Syrian rebel chief warns Hezbollah over aiding Assad
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Rebel leader Salim Idriss of the Free Syrian Army gave Lebanon's Hezbollah militants a 24-hour deadline to stop interfering in Syria's civil conflict by fighting alongside Syrian government forces, threatening to hunt Hezbollah down "even in hell".
Syrian rebel chief Salim Idriss warned on Tuesday that if fighters from Lebanon's Shiite party Hezbollah do not stop their aggression in Syria, where they are backing government troops, "we will take all measures to hunt" them, "even in hell."
"If the attacks of Hezbollah against Syrian territory do not stop within 24 hours, we will take all measures to hunt Hezbollah, even in hell," he told Al-Arabiya news channel, addressing Lebanese President Michel Sleiman, Arab League chief Nabil Al-Arabi and UN chief Ban Ki-Moon.
"I will no longer be bound by any commitments I made, if a decision to stop the attacks... is not taken and implemented," said Idriss, a brigadier general who heads the supreme military council of the Free Syrian Army.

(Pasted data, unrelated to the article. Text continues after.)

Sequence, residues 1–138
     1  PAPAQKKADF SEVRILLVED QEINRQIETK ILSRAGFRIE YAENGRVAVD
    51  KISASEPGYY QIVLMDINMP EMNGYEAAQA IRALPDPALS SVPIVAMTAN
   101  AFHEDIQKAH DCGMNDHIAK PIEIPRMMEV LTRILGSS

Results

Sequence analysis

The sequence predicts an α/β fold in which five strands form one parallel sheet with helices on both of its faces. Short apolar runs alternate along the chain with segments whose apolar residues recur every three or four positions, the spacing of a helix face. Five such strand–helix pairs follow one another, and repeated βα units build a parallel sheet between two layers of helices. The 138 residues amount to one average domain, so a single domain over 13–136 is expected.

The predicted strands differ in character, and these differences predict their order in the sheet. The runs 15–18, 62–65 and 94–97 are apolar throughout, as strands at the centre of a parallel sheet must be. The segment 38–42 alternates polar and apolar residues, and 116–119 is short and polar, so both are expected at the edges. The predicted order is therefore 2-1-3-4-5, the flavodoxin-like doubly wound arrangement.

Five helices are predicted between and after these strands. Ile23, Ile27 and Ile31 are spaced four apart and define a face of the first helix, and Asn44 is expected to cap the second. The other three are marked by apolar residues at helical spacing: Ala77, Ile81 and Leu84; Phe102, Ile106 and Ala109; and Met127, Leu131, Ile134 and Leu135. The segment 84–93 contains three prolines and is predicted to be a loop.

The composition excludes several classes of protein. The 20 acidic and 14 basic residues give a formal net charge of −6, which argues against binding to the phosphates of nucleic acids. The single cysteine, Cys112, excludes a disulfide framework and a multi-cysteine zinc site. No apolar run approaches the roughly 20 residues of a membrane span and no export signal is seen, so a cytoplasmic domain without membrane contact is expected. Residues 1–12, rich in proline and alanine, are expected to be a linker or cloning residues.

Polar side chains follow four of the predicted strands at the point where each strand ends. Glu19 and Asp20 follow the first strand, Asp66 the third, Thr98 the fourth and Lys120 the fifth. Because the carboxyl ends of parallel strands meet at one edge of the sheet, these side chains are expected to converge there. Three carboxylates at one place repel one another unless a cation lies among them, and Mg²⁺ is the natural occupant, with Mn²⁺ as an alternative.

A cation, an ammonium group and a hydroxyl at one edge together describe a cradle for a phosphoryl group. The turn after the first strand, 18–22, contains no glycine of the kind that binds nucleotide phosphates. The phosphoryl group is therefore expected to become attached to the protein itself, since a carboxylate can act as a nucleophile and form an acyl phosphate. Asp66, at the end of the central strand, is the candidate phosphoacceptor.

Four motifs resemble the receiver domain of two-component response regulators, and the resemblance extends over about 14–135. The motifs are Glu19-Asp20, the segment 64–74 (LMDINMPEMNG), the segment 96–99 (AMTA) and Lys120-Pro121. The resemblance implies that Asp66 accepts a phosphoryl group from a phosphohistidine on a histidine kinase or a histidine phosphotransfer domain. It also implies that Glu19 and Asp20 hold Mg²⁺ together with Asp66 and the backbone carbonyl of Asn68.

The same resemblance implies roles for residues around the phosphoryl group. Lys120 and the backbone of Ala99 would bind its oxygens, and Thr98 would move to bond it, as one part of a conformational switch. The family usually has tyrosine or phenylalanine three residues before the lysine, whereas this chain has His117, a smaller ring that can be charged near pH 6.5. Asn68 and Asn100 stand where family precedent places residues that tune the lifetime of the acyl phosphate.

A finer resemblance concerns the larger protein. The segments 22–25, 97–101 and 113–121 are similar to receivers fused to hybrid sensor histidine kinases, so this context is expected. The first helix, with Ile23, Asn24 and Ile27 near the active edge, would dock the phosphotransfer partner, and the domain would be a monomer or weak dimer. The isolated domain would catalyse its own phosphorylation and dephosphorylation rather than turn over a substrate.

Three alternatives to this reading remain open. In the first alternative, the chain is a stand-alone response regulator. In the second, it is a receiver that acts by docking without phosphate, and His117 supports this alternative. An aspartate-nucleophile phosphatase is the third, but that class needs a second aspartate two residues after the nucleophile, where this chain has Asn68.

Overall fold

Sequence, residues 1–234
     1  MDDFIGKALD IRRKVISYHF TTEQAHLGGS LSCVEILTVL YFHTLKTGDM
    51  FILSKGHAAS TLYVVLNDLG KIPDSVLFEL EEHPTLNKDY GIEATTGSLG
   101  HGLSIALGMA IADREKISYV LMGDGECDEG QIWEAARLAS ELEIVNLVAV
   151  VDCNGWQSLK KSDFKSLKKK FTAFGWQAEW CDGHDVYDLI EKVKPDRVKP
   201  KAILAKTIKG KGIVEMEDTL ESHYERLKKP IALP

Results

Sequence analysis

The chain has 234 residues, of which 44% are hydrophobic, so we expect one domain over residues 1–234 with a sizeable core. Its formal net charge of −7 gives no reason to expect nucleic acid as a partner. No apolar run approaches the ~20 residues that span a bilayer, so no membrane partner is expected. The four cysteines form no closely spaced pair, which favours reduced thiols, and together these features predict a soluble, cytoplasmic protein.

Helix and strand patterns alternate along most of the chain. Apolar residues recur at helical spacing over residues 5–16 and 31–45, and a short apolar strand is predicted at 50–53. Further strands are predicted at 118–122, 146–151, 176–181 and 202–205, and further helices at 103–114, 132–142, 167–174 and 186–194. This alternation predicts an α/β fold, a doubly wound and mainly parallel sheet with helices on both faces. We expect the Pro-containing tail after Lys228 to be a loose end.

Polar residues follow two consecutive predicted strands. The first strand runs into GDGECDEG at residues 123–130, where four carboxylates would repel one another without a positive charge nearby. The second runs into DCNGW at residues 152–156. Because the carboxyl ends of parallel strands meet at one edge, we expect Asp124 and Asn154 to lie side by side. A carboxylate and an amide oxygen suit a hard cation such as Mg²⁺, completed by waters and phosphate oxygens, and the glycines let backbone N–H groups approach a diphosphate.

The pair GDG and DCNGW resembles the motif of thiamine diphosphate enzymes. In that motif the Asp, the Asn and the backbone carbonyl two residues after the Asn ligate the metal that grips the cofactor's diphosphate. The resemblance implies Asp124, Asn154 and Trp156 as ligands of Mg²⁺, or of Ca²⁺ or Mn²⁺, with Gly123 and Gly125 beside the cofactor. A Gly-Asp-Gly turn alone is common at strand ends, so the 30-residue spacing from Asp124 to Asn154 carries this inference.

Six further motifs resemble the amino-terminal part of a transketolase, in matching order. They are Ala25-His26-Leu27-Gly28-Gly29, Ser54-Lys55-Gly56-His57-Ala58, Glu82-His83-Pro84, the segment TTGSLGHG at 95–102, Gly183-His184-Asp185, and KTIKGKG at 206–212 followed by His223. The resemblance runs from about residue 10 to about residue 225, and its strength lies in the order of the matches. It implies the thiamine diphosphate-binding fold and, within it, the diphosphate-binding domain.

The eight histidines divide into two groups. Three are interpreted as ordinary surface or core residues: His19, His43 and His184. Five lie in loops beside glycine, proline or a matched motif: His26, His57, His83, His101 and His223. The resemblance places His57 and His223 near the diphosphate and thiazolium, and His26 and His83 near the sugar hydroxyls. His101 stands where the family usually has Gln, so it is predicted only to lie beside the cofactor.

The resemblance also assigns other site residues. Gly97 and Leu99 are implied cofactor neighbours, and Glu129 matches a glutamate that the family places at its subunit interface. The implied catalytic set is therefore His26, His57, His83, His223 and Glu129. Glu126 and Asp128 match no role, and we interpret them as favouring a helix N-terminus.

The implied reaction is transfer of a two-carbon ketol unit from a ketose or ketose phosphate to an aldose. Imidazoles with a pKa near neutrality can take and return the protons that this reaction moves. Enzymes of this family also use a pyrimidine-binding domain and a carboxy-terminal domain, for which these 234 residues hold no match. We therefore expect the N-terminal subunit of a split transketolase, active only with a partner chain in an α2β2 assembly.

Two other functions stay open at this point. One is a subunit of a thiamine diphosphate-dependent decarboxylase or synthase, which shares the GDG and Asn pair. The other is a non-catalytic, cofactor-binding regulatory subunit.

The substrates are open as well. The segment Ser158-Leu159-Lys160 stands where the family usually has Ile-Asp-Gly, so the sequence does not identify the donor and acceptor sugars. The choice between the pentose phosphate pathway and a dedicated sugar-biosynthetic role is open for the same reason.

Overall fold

"I can no longer restrain the fighters" of the FSA, he added without saying what concrete action they might take.
"We are being subjected to a genocide conducted by Hezbollah," charged Idriss.
"I hope that everyone will excuse the Free (Syrian) Army" for retaliating, he said.
Iran-backed Hezbollah, a close ally of Syrian President Bashar al-Assad, sent almost 1,700 fighters to the central Syrian town of Qusayr more than a week ago to support the regime's assault on the rebel stronghold.
Initially Hezbollah said it wanted only to defend 13 Syrian villages along the border where Lebanese Shiites live, and the Sayyeda Zeinab shrine near Damascus, which is revered by Shiites around the world.
However, its fighters later encircled Qusayr with regime troops before the launch of a withering assault on the strategic border town that is home to 25,000 people.